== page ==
Pro tip. Write for two different readers: people who read and people who scroll/skim. Most people are skimming, and in order to reach them, you need to have good headers that aren’t too creative or cryptic, that allow people to quickly find the thing they want to read about. So quality headers, and lots of them, are the key. Take note of what we are doing in this article.

Then the piece also needs to read well and be well-constructed for persons who are actually reading. You know that.

3. Edit for SEO

As you go back and edit your piece, you’ll want to make sure your term “vinyl siding contractor” is mentioned about 1% of the time. There are lots of tools out there to check density. Here is one that we use when we don’t have admin access. If we do have admin access, we have Yoast installed and it has density baked into the application.

You are aiming for around 1% and that can’t always be possible to be 1.0%. It doesn’t much matter if yours is 1.2% or .8%, just get as close as you can. Go over or under. It doesn’t matter. We will come back to this.

4. Tactics for Optimal Targeting

Google’s algorithm and crawlers are machines or programs. They run on certain logic. They are scanning millions of sites every minute and placing a 1 or 0 in tons of queries to understand, programmatically, if your page is better than all the others for “vinyl siding contractor”. So you have to help them understand that your page is best, by doing more than just having your 500 word article mention your target keyword 5 times.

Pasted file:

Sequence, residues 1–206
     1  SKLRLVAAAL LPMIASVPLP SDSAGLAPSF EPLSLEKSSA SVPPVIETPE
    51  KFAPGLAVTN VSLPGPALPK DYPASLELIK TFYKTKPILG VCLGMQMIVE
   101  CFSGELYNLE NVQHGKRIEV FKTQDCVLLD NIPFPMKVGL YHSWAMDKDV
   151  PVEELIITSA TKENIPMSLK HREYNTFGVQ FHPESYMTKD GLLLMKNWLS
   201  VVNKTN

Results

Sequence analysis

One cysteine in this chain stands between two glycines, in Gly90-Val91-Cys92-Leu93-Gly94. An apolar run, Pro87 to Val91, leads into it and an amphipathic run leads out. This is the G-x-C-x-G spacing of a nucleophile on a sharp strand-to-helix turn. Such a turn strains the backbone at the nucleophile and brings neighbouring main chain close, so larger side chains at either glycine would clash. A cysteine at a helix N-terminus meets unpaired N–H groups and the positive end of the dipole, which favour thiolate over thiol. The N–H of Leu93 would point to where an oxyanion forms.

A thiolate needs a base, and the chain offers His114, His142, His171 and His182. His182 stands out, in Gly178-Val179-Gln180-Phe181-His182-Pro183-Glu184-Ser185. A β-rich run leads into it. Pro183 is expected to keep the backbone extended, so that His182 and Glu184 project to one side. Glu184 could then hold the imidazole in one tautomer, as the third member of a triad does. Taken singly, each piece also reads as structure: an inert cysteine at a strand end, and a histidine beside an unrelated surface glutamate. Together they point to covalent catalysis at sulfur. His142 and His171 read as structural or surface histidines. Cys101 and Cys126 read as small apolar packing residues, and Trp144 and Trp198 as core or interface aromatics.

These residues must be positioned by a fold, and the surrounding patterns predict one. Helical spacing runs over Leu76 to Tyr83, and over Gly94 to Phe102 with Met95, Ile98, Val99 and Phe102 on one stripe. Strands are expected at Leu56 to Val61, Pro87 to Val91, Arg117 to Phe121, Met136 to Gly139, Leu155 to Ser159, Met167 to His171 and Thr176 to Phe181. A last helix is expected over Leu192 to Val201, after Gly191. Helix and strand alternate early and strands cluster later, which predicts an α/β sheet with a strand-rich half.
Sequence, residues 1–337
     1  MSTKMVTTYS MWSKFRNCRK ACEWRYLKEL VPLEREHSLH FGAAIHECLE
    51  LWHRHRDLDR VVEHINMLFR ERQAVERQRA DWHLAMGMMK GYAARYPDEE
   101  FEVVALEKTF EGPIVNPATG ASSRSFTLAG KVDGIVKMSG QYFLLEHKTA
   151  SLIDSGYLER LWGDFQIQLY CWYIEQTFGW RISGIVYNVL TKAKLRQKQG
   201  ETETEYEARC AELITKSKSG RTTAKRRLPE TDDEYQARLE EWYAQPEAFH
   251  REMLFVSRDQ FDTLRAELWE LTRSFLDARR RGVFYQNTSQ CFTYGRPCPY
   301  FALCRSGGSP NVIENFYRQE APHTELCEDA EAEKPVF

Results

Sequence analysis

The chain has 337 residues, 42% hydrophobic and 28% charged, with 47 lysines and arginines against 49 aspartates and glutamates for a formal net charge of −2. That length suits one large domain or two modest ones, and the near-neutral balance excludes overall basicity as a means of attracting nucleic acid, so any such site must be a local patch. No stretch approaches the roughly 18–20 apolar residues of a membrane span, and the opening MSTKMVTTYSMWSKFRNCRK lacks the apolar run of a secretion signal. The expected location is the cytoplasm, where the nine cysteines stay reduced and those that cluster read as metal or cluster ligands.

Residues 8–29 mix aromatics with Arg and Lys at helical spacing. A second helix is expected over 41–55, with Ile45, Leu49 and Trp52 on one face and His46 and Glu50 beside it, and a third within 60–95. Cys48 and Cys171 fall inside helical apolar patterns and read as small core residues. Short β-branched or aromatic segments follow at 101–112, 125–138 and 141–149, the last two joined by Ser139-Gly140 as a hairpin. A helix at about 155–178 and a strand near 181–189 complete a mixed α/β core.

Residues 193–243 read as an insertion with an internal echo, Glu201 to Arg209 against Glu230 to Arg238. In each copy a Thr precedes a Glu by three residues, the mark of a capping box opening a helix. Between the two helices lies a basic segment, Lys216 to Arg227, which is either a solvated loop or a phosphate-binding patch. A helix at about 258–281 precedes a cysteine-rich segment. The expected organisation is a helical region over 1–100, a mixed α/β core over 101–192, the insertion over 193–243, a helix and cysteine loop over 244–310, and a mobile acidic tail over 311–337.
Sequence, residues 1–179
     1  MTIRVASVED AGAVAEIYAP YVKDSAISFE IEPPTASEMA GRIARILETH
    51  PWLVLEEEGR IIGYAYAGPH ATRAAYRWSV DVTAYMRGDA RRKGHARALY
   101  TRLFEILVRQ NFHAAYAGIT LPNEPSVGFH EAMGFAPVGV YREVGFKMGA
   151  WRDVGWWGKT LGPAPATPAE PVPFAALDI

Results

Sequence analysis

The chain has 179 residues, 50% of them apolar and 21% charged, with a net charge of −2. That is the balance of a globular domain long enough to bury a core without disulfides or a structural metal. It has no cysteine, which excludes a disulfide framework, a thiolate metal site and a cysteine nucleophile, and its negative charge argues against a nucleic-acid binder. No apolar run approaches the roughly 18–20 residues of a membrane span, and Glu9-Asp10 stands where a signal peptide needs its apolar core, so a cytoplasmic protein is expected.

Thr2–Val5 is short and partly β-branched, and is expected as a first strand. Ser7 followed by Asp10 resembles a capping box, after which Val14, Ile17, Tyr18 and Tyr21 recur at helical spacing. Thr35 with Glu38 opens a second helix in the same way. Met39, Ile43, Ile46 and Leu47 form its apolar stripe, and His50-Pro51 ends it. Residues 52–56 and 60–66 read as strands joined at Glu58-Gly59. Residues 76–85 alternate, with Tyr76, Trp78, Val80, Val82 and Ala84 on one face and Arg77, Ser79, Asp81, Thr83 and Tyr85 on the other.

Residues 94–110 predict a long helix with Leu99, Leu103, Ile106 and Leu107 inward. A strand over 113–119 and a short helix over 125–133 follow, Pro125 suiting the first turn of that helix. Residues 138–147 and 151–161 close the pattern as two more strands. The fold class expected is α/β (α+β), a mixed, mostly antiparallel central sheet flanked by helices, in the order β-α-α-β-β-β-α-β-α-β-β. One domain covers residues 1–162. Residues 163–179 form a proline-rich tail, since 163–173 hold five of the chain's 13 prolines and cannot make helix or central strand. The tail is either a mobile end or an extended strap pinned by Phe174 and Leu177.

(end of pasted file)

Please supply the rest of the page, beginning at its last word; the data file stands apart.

A. Mention your term in the first sentence, if possible, and certainly in the first paragraph. Only works of fiction can get away with hiding the ball in the first paragraph. For webpages, they need this obvious structure. It won’t make sense to a search engine for your piece to be able a particular thing, if you don’t mention it until partway through the article.

B. Use it as a to be verb. “Seafood delivery companies are….” “A vinyl siding contractor is” etc etc. This is an old relic, but we are old and this used to be meaningful back when google believed every keyword was in search of a definition. It isn’t true today, at least not that we can tell, but we still do it. Old habit. But our pages still rank.

C. Use your term in your headers. Headers are typically a different font size and they are bolded. It is a signal to the reader and to the search engine that these few words are just a little more important than everything else on the page. If your keyword is in a header, it validates the rationale for this page. Don’t overdo this, though. If it’s not natural to a reader, it won’t be to google.